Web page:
For genomic sites corresponding to an additional 52 Bernoulli peaks below the cut-off, but that are higher in the selected library than in the naïve one, the SELEX procedure has enriched the pool of matching aptamers. In competition with other aptamers, these have performed less well in CP binding, but they could still be associated with stem-loops containing the GxU motif and thus correspond to PSs. As before, we extracted 41 nucleotide fragments around the peak nucleotide for each of these 52 peaks, and established that 50 of these can fold into stem-loops containing a GxU motif in the loop. This thus identified 71 of the 73 Bernoulli peaks above the lower cut-off criterion as putative PSs. Two peaks (termed PS8A and B), each marked by an asterisk in Fig. 2a, are of interest, because they are highly conserved as significant peaks in >50% of the strains other than Harris (Fig. 2b). Inspection of their potential secondary structures (Supplementary Fig. 2b) again reveals the conserved sequence motif, suggesting that these additional putative PS positions below the statistical cut-off also correspond to PSs. The occurrence of 71 Bernoulli peaks in total with the characteristic recognition motif suggests that there is a sufficient number of putative PSs to occupy the 60 positions of high RNA density in contact with CP in the virion structure (Fig. 1). Evaluation of the lowest free energy Mfold secondary structures for the selected aptamer library of ~105 unique sequences shows that ~77% of them fold into stem-loops displaying a GxU motif within the loop. This result confirms that aptamer selection was dominated by this feature.

The motif is bound sequence-specifically in the virion

The recent HPeV1 X-ray structure at 3.1 Å resolution allows us to answer the question of whether these putative PSs correspond to the ordered RNA segments seen in the virion, and whether they bind to the CP in a sequence-specific fashion4. High-resolution icosahedral averaging often results in the loss of RNA density, because the genome is an inherently asymmetric object with a unique nucleotide sequence. The extent of ordered RNA in the X-ray map is thus significantly less than that in the EM map (Fig. 1), but Kalynych et al. could build a model for a 6 nt long RNA (AUUUUU) in the form of an extended single-strand contacting the protein shell.

When we examined the deposited electron density map, we found that some of these RNA residues were poorly modelled (Fig. 3a). We therefore rebuilt and re-refined the structure, adding an atomic model of the PS consensus into the resulting density for RNA yielding a structure with an improved Rfree factor (0.26). The model is an excellent fit (Fig. 3a) and reveals extensive RNA-CP contacts (Table 1 and Supplementary Table 2), comprising both hydrogen bond as well as van der Waals contacts. The RNA contacts multiple CP, principally VP3 and VP1. The contacts include three base-specific hydrogen bonds, two to the initial purine, which is therefore confirmed as the consensus G rather than the previously modelled A, although the latter could also be accommodated in this position. There is also a uridine-specific contact to the base N+2 3′ to the G (Fig. 3b). Most nucleotide bases are orientated away from the protein, consistent with the SELEX result. N+3 is modelled as a uridine which stacks on the side chain of Tyr21, although any base could make this interaction. The neighbouring N+4 position is fixed as U by SELEX and participates in an extended stacking interaction with U4, although why it needs to be uridine is unclear. The remaining fixed nucleotide in the SELEX consensus is outside the X-ray density. The fact that not all PSs contain these latter two fixed bases may indicate that their identities are less critical.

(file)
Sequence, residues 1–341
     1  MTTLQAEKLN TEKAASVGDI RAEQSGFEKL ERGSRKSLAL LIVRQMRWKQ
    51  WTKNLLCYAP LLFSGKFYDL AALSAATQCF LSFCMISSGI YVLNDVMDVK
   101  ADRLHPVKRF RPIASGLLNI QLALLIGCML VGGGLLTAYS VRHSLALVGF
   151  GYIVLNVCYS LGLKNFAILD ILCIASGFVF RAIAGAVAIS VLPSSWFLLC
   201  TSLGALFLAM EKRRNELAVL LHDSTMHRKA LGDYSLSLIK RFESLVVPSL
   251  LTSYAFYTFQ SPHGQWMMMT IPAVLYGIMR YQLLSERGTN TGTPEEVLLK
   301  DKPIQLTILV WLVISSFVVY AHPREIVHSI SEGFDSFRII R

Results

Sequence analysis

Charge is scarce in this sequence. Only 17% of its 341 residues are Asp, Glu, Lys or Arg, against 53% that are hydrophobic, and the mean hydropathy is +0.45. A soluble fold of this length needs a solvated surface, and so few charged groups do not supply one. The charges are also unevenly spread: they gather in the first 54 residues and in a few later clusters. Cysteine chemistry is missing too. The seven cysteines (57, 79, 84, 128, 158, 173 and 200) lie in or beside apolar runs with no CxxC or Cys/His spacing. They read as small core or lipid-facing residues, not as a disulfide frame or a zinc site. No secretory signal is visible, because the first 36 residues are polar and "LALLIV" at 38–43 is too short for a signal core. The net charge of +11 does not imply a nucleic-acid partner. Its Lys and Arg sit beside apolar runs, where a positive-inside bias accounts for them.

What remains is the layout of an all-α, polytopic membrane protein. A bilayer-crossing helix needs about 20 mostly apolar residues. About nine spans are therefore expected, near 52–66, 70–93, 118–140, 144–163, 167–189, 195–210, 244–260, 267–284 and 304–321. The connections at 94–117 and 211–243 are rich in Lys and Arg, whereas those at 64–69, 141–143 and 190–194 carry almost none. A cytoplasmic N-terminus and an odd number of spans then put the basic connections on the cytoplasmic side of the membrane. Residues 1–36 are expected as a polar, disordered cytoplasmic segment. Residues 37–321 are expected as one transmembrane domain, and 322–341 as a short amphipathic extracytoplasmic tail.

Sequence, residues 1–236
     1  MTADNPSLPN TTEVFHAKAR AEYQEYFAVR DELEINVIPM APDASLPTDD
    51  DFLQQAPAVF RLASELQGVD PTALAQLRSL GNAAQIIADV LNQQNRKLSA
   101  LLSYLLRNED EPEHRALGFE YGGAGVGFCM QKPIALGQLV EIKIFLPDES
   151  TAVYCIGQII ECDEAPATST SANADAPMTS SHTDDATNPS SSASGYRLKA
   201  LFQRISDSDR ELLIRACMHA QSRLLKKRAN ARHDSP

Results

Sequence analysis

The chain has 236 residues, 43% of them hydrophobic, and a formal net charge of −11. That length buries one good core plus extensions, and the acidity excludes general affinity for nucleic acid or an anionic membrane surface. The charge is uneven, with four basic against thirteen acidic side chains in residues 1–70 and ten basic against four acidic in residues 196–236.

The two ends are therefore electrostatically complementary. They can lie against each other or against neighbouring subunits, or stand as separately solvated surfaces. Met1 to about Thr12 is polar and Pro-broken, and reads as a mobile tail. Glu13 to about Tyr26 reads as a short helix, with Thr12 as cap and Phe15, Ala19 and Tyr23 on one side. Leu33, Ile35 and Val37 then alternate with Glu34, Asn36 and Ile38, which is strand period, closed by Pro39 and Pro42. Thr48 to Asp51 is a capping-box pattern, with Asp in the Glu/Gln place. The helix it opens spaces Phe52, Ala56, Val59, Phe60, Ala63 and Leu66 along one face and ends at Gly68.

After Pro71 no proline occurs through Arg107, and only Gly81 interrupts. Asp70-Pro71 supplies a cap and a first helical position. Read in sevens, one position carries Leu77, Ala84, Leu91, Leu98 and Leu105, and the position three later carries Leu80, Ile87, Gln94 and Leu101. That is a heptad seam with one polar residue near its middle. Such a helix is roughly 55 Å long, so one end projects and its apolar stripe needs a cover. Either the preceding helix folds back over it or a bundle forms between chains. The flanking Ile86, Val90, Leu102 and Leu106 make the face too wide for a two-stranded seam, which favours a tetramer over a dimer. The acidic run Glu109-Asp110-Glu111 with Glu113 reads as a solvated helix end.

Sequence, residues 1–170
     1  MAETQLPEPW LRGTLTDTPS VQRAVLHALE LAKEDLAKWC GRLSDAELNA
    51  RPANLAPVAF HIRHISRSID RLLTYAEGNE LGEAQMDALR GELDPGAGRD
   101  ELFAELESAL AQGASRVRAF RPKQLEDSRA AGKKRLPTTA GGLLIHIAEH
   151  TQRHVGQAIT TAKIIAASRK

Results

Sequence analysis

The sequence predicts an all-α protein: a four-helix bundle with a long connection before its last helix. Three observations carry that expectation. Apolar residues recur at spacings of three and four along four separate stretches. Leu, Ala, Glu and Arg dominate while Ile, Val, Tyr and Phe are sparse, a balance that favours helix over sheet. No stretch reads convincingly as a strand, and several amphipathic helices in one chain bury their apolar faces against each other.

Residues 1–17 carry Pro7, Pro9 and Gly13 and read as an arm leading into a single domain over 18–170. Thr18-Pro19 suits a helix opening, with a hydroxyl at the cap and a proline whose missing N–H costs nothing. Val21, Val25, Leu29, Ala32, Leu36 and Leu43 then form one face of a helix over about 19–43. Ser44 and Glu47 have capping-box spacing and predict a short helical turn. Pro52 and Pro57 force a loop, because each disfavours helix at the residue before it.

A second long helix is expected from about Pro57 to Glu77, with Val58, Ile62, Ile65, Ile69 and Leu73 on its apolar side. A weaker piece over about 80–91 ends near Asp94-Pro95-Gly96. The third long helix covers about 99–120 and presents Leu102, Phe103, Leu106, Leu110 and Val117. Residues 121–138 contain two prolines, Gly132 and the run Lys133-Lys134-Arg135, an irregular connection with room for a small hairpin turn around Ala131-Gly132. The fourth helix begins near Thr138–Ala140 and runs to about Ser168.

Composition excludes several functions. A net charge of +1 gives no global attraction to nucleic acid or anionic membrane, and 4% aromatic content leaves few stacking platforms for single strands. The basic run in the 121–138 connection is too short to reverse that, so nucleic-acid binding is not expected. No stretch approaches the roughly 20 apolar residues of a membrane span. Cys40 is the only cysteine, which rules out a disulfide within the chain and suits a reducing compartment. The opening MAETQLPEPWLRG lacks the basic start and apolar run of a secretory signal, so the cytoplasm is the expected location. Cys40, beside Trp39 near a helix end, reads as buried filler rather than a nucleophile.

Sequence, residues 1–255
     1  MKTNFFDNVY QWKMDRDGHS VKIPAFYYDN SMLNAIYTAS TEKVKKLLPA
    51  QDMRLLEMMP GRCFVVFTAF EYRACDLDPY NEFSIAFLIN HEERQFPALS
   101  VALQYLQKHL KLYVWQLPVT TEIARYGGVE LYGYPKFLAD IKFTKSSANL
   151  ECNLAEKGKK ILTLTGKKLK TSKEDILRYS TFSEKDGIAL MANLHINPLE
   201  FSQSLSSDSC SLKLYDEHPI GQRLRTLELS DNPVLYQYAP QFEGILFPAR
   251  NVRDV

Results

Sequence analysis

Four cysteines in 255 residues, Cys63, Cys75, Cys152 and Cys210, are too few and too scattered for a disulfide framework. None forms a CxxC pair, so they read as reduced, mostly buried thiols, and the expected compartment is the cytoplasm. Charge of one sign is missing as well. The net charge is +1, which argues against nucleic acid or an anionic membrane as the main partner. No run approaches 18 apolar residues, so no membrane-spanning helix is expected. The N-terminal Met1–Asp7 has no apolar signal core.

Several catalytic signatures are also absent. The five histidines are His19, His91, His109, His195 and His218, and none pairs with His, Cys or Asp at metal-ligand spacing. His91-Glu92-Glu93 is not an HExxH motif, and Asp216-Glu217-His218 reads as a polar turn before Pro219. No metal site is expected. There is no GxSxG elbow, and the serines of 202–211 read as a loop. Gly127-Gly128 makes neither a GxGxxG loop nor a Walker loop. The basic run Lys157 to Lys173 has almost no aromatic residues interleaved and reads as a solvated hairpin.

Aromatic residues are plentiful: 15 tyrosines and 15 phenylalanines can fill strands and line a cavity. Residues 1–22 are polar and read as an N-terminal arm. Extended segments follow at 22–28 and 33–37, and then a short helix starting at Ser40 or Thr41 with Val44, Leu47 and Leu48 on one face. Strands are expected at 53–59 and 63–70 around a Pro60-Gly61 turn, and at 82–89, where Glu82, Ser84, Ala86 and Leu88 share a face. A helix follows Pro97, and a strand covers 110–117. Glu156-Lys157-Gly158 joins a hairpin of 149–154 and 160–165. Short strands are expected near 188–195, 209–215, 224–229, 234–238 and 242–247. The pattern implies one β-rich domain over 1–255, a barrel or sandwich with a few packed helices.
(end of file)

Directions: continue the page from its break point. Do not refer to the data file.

Figure 3
Figure 3

HPeV1 protein:RNA interactions. A recently published crystal structure by Kalnych et al., PDB: 4Z92, had a new model (PDB: 5MJV) built into the electron density4. a Comparison of the refined crystal structures of the virus with guanosine (left), and adenosine (right) modelled in position 1 of the RNA. Sigma-weighted 2mFo–DFc maps are contoured in grey at 1.0σ. In the right panel, the mFo–DFc difference map is contoured in green at 2.5σ. b Close-up showing a single copy of the viral RNA and its interactions with the surrounding amino acid residues from the viral CPs. a, b Protein and RNA are shown in stick representation with the following colours: oxygen, coral; nitrogen, dark blue; phosphorus, orange. Carbon atoms are coloured by subunit as shown in b, c; additionally, carbon atoms in the RNA base G1 are shown in magenta. Putative hydrogen bonds shown as dashed lines. c View of the viral capsid from inside the virus showing the arrangement of proteins and viral RNA around the icosahedral five-fold. VP1, VP3 and VP0 from one asymmetric unit (denoted VP1a, VP3a and VP0a) are shown in red, green and yellow respectively. VP3 contains a long N-terminal extension that reaches around the icosahedral five-fold. The N-terminal residue of each copy of VP3 in the crystal structure (Met15) is marked with a ball on the nitrogen atom and labelled N for VP3a. The RNA associated with VP1a and VP3a is shown in dark blue, with the 5′ guanosine in magenta. Five-fold related copies of the RNA are shown in light blue. Five-fold related copies of VP3a (VP3b through VP3e) are also coloured in different shades of green and labelled as shown. Note how the VP3 N-terminal regions interdigitate between adjacent RNA copies around the five-fold, so that each RNA is recognised by VP1 and 3 copies of VP3 (VP3a, VP3b and VP3c for the RNA molecule shown in dark blue, see Table 1)